Step: 4 Calculate metrics

Calculating metrics and having rough estimations are always beneficial for predicting the future and finding room for improvement. Certain metrics must be calculated like lead time, cycle time, and the percentage of C&A. Such calculations are vital for pinpointing the bottlenecks and reducing waste. 

Step: 5 Sketch the value stream

All the processes are drawn in the form of a value stream framework. This visualization is essential to optimize your processes and bring improvements wherever needed.

Step: 6 Analyze 

So, once you’ve drawn out the whole plan, you must stand back and analyze it. Carefully assess if it works or not. If the processes don’t seem to work out, don’t hesitate to redraw them.

Try out different templates and keep reworking them with the team involved until the processes are improved.

Now that you have the map for the current state, it’s time to predict the future state. 

Map For The Future State

Mapping for the future state helps to analyze where you want to reach with the processes mentioned in the current state. So, keenly observe the areas for waste, bottlenecks, and waste to optimize your processes.

The following steps are involved in mapping for the future state:

Step:1 Highlight the processes that need to be improved

Find out what’s causing the delays and repetition and how they can be improved. In this step, identify the areas or processes that need to be improved. Moreover, also pinpoint the bottlenecks and waste hindering the processes. 

Step:2 Define how to utilize the tools and resources 

Map out and explain to the whole team where the processes in the current state got delayed or faced bottlenecks. Explain the usage of all the tools and resources in detail to avoid such occurrences in the future. 

Step: 3 Map it out 

The last step is to map it all out. Analyze if the processes have been improved and optimized to reach the set goals or not. Record where the processes had lacked in the current state for future reference. 

Value Stream Mapping with Kanban

Kanban@2x

Most of the project management software like nTask features a Kanban board. You can work under one space and optimize the processes as well. 

Moreover, Kanban boards are great for gaining effective visualization, spotting bottlenecks, and reducing repetitive processes. You can record time spent on each task and bring the necessary improvements. 

Here are a few steps that you can follow to value stream your processes with a Kanban board. 

1. Identify the size of your value stream map 

Don’t go for elaborate maps with plenty of steps. Take it to step by step. Identify and solve one-step first and then move on to the next one.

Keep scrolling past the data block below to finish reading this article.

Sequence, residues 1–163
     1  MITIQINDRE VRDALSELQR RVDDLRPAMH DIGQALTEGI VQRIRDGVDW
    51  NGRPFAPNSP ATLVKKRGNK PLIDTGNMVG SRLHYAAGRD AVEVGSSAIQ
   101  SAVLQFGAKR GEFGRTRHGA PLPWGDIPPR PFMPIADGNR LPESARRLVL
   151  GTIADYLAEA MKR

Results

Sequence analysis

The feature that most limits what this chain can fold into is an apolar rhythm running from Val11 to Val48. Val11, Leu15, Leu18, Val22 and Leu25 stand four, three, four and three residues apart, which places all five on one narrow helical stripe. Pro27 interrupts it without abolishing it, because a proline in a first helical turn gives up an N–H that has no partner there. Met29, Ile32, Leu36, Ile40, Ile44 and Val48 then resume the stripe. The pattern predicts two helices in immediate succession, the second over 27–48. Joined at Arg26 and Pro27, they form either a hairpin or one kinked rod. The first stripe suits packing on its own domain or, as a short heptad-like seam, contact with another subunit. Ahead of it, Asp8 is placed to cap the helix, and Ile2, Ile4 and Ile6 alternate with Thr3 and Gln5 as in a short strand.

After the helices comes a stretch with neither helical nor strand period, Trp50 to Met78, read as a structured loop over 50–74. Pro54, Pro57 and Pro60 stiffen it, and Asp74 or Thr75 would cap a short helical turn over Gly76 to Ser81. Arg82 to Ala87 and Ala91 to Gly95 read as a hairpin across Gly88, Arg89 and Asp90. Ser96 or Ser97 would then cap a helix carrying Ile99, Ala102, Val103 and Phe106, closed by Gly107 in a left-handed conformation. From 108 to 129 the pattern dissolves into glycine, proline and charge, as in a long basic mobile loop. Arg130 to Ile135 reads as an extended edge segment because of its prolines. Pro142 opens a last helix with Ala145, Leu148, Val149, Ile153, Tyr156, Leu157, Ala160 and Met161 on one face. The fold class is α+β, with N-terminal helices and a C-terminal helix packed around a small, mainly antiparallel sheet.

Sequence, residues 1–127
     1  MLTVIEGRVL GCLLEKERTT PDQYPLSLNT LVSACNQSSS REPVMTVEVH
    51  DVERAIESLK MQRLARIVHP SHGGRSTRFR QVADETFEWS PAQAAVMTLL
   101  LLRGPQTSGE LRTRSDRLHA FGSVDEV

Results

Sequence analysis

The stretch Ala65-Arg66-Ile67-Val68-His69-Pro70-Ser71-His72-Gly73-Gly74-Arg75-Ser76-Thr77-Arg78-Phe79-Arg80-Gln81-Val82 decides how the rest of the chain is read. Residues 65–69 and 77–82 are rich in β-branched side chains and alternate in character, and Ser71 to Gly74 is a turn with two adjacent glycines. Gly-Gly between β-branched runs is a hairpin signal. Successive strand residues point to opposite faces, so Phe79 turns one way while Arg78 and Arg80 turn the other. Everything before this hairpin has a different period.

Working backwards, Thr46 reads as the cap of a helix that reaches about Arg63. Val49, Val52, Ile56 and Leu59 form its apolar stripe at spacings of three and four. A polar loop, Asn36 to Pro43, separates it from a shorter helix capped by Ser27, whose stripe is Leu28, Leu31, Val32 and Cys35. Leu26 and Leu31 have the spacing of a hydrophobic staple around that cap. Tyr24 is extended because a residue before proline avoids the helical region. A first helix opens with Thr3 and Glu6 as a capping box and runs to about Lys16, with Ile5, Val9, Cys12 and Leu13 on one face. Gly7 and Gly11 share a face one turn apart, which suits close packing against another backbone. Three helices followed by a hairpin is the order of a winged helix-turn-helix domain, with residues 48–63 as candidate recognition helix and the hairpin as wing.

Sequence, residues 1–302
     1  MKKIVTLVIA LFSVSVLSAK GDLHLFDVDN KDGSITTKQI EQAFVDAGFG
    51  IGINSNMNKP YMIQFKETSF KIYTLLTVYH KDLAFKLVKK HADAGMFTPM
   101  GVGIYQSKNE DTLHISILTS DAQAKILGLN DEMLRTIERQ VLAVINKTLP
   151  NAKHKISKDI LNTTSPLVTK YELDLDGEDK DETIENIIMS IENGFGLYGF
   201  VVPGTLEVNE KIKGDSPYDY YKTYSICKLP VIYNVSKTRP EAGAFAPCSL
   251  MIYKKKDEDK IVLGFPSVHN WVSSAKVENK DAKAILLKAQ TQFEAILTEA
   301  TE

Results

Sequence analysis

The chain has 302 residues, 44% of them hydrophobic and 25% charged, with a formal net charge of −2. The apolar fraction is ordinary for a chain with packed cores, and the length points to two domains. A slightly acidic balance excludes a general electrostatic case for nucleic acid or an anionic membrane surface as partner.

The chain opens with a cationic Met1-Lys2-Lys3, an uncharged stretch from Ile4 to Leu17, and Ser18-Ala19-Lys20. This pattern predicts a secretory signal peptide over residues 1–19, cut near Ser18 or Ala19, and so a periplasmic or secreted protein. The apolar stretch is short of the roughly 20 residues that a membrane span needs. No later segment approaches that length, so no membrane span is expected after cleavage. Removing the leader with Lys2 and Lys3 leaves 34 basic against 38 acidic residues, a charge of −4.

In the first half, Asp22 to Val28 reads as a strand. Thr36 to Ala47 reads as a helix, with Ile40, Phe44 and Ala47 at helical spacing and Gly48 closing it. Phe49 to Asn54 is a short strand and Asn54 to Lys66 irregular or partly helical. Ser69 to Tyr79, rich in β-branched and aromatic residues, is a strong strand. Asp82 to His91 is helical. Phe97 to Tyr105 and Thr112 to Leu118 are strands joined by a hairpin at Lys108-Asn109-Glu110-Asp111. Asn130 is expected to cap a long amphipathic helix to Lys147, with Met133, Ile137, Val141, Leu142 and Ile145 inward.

2. Identify the problem and work out on it

Work out the problem that needs to be solved. Whether it is the cost, quality, or production speed

Define it and discuss it with the team to give them an idea of what they should work on. 

3. Pinpoint its advantages

To get the whole team and executives on board in solving the problem, pinpoint its benefits to them. Let them know how value stream mapping would help to improve the processes and benefit the whole company in the long run. So, bring out some facts to get everyone on board. 

4. Select the tools 

Since we are using project management software like nTask to implement this VSM, explain how it works to the team. Once you know all the specifics, you’re good to create a Kanban board for the problem at hand. 

5. Create a Kanban Board

Kanban boards have three or more work states. These include:

  • To be done
  • To do 
  • Current 
  • In progress
  • Canceled
  • Completed 

Record all the processes, especially the ones in the progress stage. Calculate the time taken at each process and the bottlenecks faced. This will help you to prepare a detailed report and you won’t miss out on anything. 

6. Record and create metrics

Record all the processes and identify some performance metrics to effectively improve all your operations. Such metrics would help you to analyze your current state and bring practical improvements for the future. 

These metrics include cycle time, lead time, repetitive steps, number of tasks, time is taken, etc. 

7. Create a workflow

Create a new workflow and ensure it aligns with your company’s objectives. 

8. Implement your workflow 

The last step is to implement your map and analyze it carefully. Monitor it closely to keep it aligned and flowing as planned. 

Moreover, stay agile and adapt to changes as they might come along the way. 

To wrap it up!

Continuous improvement and optimization of the processes are vital to reaching the desired results. You must split up the processes to effectively analyze each state and improve it. The streamlining of the processes ensures that the project is getting executed successfully. 

However, the improvement in processes is a never-ending process. When you reach your future state, it automatically becomes your current state. So, the more you improve, the better the results you’ll gain. 

Therefore, the need to have a value stream mapping process is vital for every organization.